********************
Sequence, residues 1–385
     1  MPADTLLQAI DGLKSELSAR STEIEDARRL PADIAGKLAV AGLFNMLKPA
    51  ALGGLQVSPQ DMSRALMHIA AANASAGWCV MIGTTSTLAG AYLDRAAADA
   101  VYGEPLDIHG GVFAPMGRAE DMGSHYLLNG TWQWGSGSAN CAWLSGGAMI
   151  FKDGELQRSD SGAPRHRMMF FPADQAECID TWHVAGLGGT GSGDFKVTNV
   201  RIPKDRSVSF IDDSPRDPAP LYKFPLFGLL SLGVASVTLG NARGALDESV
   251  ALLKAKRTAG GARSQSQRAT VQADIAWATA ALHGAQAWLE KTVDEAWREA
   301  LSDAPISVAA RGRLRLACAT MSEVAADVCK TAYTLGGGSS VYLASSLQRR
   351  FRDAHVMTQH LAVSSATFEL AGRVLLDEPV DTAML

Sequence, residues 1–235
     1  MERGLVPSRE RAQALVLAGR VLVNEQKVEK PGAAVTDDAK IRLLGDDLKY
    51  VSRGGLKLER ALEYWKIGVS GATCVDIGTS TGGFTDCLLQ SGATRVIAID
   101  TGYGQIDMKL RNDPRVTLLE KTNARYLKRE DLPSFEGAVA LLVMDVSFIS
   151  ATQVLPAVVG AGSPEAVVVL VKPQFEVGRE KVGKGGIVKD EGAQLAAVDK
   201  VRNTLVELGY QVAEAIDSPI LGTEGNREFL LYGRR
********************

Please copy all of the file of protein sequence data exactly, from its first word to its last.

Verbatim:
Sequence, residues 1–385
     1  MPADTLLQAI DGLKSELSAR STEIEDARRL PADIAGKLAV AGLFNMLKPA
    51  ALGGLQVSPQ DMSRALMHIA AANASAGWCV MIGTTSTLAG AYLDRAAADA
   101  VYGEPLDIHG GVFAPMGRAE DMGSHYLLNG TWQWGSGSAN CAWLSGGAMI
   151  FKDGELQRSD SGAPRHRMMF FPADQAECID TWHVAGLGGT GSGDFKVTNV
   201  RIPKDRSVSF IDDSPRDPAP LYKFPLFGLL SLGVASVTLG NARGALDESV
   251  ALLKAKRTAG GARSQSQRAT VQADIAWATA ALHGAQAWLE KTVDEAWREA
   301  LSDAPISVAA RGRLRLACAT MSEVAADVCK TAYTLGGGSS VYLASSLQRR
   351  FRDAHVMTQH LAVSSATFEL AGRVLLDEPV DTAML

Sequence, residues 1–235
     1  MERGLVPSRE RAQALVLAGR VLVNEQKVEK PGAAVTDDAK IRLLGDDLKY
    51  VSRGGLKLER ALEYWKIGVS GATCVDIGTS TGGFTDCLLQ SGATRVIAID
   101  TGYGQIDMKL RNDPRVTLLE KTNARYLKRE DLPSFEGAVA LLVMDVSFIS
   151  ATQVLPAVVG AGSPEAVVVL VKPQFEVGRE KVGKGGIVKD EGAQLAAVDK
   201  VRNTLVELGY QVAEAIDSPI LGTEGNREFL LYGRR